Why Your Dentist Might Seem Pushy

In 1993, Dr. David Silber, a dentist now practicing in Plano, Texas, was fired from the first dental clinic he worked for. He’d been assigned to a patient another dentist had scheduled for a crown preparation — a metal or porcelain cap for a broken or decayed tooth. However, Silber found nothing wrong with the tooth, so he sent the patient home.

This story also ran on U.S. News & World Report. It can be republished for free.

He was fired later the same day. “Never send a patient away who’s willing to pay the clinic money,” he was told.

Silber said what happened to him then still happens today, that some dentists who don’t think they receive enough from insurance reimbursement — whether private insurance or Medicaid — have figured out ways to boost their bottom lines. They push products and procedures a patient doesn’t need or recommend higher-cost … Read the rest

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Doctors Now Must Provide Patients Their Health Data, Online and On Demand

Last summer, Anna Ramsey suffered a flare-up of juvenile dermatomyositis, a rare autoimmune condition, posing a terrifying prospect for the Los Angeles resident: She might have to undergo chemotherapy, further compromising her immune system during a pandemic.

This story also ran on Los Angeles Times. It can be republished for free.

After an agonizing three-day wait, the results of a blood test came back in her online patient portal — but she didn’t understand them. As hours passed, Ramsey bit her nails and paced. The next day, she gave in and emailed her doctor, who responded with an explanation and a plan.

For Ramsey, now 24, instant access to her test results had been a mixed blessing. “If there’s something I’m really nervous about,” she said, “then I want interpretations and answers with the result. Even if it takes a few days longer.”

On April 5, a federal rule went … Read the rest

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‘Kicking You When You’re Down’: Many Cancer Patients Pay Dearly for Parking

For cancer patients, the road from diagnosis to survivorship feels like a never-ending parade of medical appointments: surgeries, bloodwork, chemotherapy, radiation treatments, scans. The routine is time-consuming and costly. So, when hospitals charge patients double-digit parking fees, patients often leave the garage demoralized.

This story also ran on NBC News. It can be republished for free.

Iram Leon vividly remembers the first time he went for a follow-up MRI appointment at Dell Seton Medical Center in Austin, Texas, after he had been treated at another hospital for a brain tumor.

The medical news was good: His stage 2 tumor was stable. The financial news was not. When he sat down at the receptionist’s desk to check out, Leon was confronted by a bold, red-lettered sign on the back of her computer that read: “WE DO NOT VALIDATE PARKING.”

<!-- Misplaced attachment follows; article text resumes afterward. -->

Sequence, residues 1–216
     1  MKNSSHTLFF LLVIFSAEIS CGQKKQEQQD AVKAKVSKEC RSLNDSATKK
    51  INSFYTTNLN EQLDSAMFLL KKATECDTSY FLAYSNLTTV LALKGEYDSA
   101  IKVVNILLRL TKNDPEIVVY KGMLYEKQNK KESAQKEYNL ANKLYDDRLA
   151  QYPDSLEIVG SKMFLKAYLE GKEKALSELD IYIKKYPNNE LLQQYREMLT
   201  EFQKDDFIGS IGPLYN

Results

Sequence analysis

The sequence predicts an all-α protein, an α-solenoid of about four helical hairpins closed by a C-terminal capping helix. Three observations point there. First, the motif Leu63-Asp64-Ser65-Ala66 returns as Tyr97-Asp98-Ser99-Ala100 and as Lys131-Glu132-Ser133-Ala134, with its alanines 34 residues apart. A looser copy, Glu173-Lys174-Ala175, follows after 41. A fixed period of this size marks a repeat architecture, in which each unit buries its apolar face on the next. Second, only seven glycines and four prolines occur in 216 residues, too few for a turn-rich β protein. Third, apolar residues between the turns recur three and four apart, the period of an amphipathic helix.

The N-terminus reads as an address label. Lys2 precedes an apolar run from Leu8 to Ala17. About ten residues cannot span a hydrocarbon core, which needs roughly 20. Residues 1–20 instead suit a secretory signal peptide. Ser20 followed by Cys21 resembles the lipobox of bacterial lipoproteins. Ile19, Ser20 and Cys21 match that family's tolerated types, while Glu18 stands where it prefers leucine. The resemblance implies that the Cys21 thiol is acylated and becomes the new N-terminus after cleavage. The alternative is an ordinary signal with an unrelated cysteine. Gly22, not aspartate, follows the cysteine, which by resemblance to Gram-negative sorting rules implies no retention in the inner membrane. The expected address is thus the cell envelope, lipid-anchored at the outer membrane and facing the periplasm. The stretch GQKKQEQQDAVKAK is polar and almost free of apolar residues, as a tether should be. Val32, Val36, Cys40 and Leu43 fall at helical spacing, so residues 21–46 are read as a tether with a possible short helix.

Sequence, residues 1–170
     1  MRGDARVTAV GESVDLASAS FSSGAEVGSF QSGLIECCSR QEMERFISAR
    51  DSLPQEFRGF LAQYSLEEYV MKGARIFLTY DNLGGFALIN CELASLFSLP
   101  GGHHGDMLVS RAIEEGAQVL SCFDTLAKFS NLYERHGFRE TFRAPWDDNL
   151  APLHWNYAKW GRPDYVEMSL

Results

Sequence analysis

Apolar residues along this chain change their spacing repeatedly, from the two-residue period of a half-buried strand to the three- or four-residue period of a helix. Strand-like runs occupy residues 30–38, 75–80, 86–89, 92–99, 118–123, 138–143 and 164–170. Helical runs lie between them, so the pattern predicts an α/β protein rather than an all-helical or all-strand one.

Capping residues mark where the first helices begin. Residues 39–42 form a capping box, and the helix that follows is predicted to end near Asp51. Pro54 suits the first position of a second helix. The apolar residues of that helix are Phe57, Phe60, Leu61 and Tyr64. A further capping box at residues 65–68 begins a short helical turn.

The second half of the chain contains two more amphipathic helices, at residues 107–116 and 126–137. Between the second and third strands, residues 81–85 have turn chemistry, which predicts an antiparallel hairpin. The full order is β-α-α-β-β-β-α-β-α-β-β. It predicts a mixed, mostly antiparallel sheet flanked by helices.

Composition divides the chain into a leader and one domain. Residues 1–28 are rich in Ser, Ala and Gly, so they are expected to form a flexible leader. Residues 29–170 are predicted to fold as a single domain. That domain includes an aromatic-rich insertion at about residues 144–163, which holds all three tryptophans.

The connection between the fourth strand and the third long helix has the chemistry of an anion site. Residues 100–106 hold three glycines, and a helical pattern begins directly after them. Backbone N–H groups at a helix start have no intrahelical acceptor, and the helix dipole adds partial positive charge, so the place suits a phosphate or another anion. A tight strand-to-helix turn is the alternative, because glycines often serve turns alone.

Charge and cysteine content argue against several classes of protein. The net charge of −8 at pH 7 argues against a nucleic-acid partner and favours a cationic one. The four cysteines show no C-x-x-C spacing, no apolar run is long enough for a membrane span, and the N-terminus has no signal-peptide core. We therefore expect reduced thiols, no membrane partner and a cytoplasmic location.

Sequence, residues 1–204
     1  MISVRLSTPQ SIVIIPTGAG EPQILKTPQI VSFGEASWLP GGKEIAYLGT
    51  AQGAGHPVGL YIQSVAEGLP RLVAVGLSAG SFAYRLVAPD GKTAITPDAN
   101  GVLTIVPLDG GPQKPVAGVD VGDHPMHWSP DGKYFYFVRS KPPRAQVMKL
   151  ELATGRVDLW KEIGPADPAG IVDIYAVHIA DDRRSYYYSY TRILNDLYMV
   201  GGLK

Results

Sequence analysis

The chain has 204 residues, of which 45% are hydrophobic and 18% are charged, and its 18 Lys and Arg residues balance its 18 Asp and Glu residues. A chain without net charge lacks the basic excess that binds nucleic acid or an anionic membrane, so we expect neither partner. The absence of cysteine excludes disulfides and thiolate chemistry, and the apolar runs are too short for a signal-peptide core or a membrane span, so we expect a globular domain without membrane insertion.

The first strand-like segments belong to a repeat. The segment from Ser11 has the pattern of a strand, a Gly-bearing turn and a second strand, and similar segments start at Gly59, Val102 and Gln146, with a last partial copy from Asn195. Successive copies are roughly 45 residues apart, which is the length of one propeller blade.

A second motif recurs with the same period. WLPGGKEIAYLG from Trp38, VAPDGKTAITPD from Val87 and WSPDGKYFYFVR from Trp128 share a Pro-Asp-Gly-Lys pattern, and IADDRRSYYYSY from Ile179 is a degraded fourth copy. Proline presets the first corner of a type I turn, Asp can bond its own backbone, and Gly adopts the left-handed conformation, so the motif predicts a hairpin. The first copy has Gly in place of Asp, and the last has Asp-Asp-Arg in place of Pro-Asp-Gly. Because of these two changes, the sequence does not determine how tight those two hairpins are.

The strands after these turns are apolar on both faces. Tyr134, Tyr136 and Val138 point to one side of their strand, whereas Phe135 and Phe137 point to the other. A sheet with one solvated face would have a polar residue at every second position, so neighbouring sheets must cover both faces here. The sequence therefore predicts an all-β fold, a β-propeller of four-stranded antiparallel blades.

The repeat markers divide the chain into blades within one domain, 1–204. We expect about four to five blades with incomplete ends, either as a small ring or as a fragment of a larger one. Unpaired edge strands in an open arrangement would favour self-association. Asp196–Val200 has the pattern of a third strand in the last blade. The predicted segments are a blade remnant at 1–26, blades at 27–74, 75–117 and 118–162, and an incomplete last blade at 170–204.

Below that all-caps statement was a list of parking rates, starting with … Read the rest

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KHN’s ‘What the Health?’: Drug Price Effort Hits a Snag

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The high cost of prescription drugs is a top health issue for the public and politicians, but concerns raised by a group of moderate Democrats threaten to derail a bill being pushed by House Democratic leaders.

Meanwhile, the Food and Drug Administration has authorized the use of the Pfizer covid-19 vaccine for everyone age 12 and up, and Pfizer is applying for full licensure of that vaccine. It is currently being distributed under emergency authorization. Full approval could open the door to vaccine requirements in some workplaces, schools or other gathering spots, which will likely touch off more controversy.

And the Biden administration reinstated an Obama-era policy barring discrimination in health care for LGBTQ individuals, even as more states pass anti-LGBTQ legislation.

This week’s panelists are Julie Rovner of KHN, Joanne Kenen of Politico, Sarah Karlin-Smith of the Pink … Read the rest

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What Does Approval of the Pfizer Vaccine for Teens and Preteens Mean for My Child?

Q: The federal government approved the Pfizer vaccine for 12- to 15-year-olds. What does this mean for my child?

This story also ran on PolitiFact. It can be republished for free.

Extending the emergency use of the Pfizer-BioNTech vaccine to preteens and young adolescents adds nearly 17 million more Americans to the pool of those eligible to be immunized against covid-19, helping to build a vaccinated population closer to herd immunity. Moderna and Johnson & Johnson are also testing the efficacy of their vaccines in teens and children.

Although children appear to catch covid less often and develop milder symptoms than adults, they can develop a rare, severe inflammatory response or “long-haul covid” symptoms. It also remains to be seen what, if any, long-term effects these younger patients may experience from covid.

The share of covid cases in children and teens is increasing — nearly a quarter of the new … Read the rest

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Los latinos son los que más quieren vacunarse, y los que más obstáculos enfrentan